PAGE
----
Yes, crossing the border between the two countries is possible since Autumn 2001 but demands a certain amount of preparation and paper chasing on the Sudanese side that should take the better part of two working days. To be honest, it seems as if Sudanese authorities in Kassala are trying to discourage foreigners from attempting this crossing but it is feasible none the less. On the other hand, entry procedures into Eritrea is simplicity itself: show your passport & visa, get your entry stamp and a warm welcome to Eritrea greeting along with it. It should not take more than 5 – 15 minutes, all depending on the length of the queue in front of you.
Make sure that all your Sudanese paperwork is done according to the book and that every single bit of it is perfectly legible (no smudgy stamps or blotches of ink). Everything will be meticulously scrutinized in Kassala and the slightest discrepancy will result in refusal of exit permit. So if you enter the country via Wadi Halfa, *do* endure the hassle and get your registration and travel permit in Wadi Halfa, you will be asked about it. Your travel permit should be renewed in Khartoum so don’t leave town without it and make sure that destination Kassala is included in it.
First thing in the morning, go to the foreigners registration office (maktab al gawasat watasgil al aganeb). Take any minibus running eastwards and ask the driver to be dropped off in front of the building. Get a photocopy of your travel permit(s), of the two first pages of your passport and all pages of your passport that has anything Sudanese in them. Get all necessary forms, fill them out and get the registration stamp in your passport. This operation should take a few hours. Next stage: If you have your own vehicle—> proceed to Customs Office in the eastern outskirts of town and get Customs Clearance. Drive to border early the following day.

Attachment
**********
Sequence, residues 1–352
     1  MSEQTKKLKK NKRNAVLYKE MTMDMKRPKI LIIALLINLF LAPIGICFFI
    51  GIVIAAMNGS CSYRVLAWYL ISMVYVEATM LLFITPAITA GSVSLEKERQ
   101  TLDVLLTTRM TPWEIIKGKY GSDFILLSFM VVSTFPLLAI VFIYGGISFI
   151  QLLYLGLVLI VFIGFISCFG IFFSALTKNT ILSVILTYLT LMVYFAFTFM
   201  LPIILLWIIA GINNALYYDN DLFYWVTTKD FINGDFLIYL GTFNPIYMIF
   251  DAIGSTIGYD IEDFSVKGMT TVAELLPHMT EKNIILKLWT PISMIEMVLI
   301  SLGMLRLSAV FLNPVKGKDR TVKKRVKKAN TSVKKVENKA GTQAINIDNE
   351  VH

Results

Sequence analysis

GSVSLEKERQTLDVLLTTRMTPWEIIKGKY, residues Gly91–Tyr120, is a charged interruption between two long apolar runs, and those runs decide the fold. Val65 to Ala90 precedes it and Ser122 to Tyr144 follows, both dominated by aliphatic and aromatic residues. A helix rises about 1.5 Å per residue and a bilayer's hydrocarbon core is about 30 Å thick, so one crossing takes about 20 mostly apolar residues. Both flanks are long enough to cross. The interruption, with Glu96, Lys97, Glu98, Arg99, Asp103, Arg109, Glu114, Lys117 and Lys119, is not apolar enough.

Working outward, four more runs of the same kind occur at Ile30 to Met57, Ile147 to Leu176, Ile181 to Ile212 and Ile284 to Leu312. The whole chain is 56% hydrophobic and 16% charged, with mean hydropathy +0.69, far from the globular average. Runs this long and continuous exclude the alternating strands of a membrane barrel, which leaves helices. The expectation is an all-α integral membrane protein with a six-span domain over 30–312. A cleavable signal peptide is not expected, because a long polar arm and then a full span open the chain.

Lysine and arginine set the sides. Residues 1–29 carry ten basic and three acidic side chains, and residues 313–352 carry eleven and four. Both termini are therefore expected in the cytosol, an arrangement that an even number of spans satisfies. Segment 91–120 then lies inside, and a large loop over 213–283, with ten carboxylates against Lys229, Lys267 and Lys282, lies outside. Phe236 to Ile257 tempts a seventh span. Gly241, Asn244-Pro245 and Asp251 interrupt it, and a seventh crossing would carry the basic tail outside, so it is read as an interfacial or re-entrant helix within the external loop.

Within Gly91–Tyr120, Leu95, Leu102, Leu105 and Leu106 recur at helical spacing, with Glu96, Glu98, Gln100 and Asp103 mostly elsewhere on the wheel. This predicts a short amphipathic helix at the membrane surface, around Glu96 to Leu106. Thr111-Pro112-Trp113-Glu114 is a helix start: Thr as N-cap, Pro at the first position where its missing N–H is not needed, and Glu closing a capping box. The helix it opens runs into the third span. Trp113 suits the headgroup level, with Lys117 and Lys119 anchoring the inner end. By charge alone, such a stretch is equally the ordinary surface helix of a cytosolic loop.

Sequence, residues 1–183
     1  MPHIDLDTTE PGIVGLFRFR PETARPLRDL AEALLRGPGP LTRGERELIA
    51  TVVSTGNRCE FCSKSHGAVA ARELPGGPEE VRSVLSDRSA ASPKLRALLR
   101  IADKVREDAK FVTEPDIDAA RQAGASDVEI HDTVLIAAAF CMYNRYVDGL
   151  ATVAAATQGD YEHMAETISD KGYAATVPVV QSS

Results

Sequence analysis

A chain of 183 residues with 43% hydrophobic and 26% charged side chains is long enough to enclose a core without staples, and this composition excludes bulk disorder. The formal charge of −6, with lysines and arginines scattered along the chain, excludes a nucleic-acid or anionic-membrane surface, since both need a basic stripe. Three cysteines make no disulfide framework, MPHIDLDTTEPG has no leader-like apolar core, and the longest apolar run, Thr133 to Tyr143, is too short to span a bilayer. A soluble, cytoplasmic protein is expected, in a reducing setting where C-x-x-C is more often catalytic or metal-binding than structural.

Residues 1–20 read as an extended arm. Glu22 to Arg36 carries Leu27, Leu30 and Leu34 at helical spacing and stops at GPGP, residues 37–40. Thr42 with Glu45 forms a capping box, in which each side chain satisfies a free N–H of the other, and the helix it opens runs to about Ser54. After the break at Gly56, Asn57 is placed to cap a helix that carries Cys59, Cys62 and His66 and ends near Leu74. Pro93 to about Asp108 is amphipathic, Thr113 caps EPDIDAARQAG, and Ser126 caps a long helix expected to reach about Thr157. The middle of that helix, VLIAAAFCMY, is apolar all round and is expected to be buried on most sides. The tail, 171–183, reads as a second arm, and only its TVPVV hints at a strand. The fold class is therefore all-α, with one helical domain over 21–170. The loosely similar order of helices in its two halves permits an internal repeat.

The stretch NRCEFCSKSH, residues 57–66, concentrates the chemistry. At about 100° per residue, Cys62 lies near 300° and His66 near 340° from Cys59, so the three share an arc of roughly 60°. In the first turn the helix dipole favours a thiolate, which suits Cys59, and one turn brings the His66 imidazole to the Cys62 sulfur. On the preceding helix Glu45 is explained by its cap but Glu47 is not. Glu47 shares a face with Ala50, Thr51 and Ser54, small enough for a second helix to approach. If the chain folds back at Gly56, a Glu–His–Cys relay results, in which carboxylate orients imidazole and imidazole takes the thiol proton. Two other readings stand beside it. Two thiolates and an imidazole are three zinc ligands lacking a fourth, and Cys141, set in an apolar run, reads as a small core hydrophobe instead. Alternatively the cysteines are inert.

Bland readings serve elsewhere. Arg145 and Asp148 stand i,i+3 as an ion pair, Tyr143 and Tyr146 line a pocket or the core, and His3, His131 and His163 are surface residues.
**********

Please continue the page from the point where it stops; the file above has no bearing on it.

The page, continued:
If you use public transport, Chicken-buses and boxis go in roto to the border from a place called Khatmiya – Veggie Market (souq al khodar). Vehicles depart when full and do not depart unless they are full. There might be only one vehicle a day, some days none and seldom more than 2 so get there early. The bus/boxy trip is a package deal that includes, apart from the actual journey to the border, also visits to necessary government offices… Take a minibus eastwards from main market and ask to be dropped off at the Khatmiya junction. From there it is a five-ten minutes walk down a gravel road. Once in Khatmiya head straight to an unmarked booth of the Security Police. Give them your passport, assist the bloke in any way you can (they might have problems reading foreign passports) and otherwise treat him with tender loving care. This is where your fate is partially sealed. He will enter the details of your passport in his log book and write down comments about anything that he finds suspicious on a piece of paper that will be handed over to another bloke that joins the journey to the border.
Security Police station in Kassala. Everybody stays in the vehicle while exit permits are processed and Khatmiya comments are reviewed. Next stop: Customs Office. Everybody takes their luggage for inspection, the passengers get a collective customs clearance. The trip to the border can start in earnest. The border caters exclusively for Eritreans and Sudanese, mostly refugees and their families. Experience with foreigners is non-existent so the guy there just obeys orders and checks that all your stamps, etc. are kosher according to some obscure instruction manual. Any missing this or unclear that and you are sent straight back to Kassala (I have actually talked to a German couple that were sent back for such reasons). All fine? Back on the bus and another 30 minutes bus ride. Final stop: Eritrean border post. Welcome to Eritrea. Get your stamp, reserve your seat on the minibus to Tessenei and change your last Sudanese Dinars to Nakfas with the tea-house lady.